published, have now been for some years made known, thanks mainly to the researches of Heer upon ample collections of arctic fossil plants. These are confirmed and extended by new investigations, the results of which have been indicated to me by the latter. The taxodium, which everywhere abounds in the Miocene formations in Europe, has been specifically identified, first by Goeppert, then by Heer, with our common cypress of the Southern States. It has been found, fossil in Spitzbergen, Greenland, and Alaska, in the latter country along with the remains of another form, distinguishable, but very like the common species; and this has been identified by Lesquereux in the Miocene of the Rocky Mountains. So there is one species of tree which has come down essentially unchanged from the Tertiary period, which for a long while inhabited both Europe and North America, and also at some part of the period the region which geographically connects the two (once doubtless much more closely than now), but survives only in the Atlantic United States and Mexico. The same Sequoia which abound in the same Miocene formations in North Europe has been now abundantly found in those of Iceland, Spitzbergen, Greenland, Mackenzie River, and Alaska. It is named Sequoia langsdupii, but is pronounced to be very much like Sequoia sempervirens, our living redwood of the Californian coast—to be the ancient representative of it. Fossil specimens of a similar, if not the same, species have been recently detected in the Rocky Mountains by Hayden, and determined by our eminent paleontological botanist, Lesquereux, and he assures me that he has the common redwood itself from Oregon, in a deposit of Tertiary age. Another Sequoia (Sequoia stembergii), discovered in Miocene deposits in Greenland, is pronounced to be the representative of Sequoia gigantea, the big tree of Californian sierra. If the taxodium of the Tertiary time in Europe and throughout the arctic regions is the ancestor of our present bald cypress, which is assumed in regarding them as specifically identical, then I think we may with our present light fairly assume that the two redwoods of California are the probable descendants of the two ancient species which so closely resemble them. The forests of the arctic zone in Tertiary times contained at least three other species of Sequoia, as determined by their remains, one of which, from Spitzbergen, also much resembles the common redwood of California. Another, "which appears to have been the commonest coniferous tree on Disco," was common in England and some other parts of Europe. So the Sequoias, now remarkable for their restricted station and numbers, as well as for their extraordinary size, are of an ancient stock; their ancestors and kindred formed a large part of the forests which flourished throughout the polar regions, now desolated and ice-clad, and which extended into low latitudes in Europe. On this continent one species at least had reached to the vicinity of its present habitat before the glaciation of the region. Among the fossil specimens already found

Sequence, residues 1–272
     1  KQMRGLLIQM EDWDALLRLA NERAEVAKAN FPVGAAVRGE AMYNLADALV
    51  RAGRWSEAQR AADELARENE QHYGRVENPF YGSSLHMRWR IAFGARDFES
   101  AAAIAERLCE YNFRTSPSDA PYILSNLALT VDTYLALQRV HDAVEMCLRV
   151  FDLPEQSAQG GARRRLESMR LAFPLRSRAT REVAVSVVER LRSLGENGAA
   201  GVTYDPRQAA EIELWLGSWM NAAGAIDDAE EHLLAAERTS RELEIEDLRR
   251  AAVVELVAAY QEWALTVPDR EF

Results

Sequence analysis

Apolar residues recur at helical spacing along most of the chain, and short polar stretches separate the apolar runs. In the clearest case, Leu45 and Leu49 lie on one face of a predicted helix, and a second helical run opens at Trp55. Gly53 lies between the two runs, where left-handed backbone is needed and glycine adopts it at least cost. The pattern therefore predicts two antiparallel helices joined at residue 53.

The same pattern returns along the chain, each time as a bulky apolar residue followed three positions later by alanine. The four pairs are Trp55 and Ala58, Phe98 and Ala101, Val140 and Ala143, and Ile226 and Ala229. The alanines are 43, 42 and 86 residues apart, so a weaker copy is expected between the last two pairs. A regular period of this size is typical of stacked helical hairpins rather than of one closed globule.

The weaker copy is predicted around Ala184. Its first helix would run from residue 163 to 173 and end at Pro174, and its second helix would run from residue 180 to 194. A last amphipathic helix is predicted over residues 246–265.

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ON THE DERIVATION OF AMERICAN PLANTS.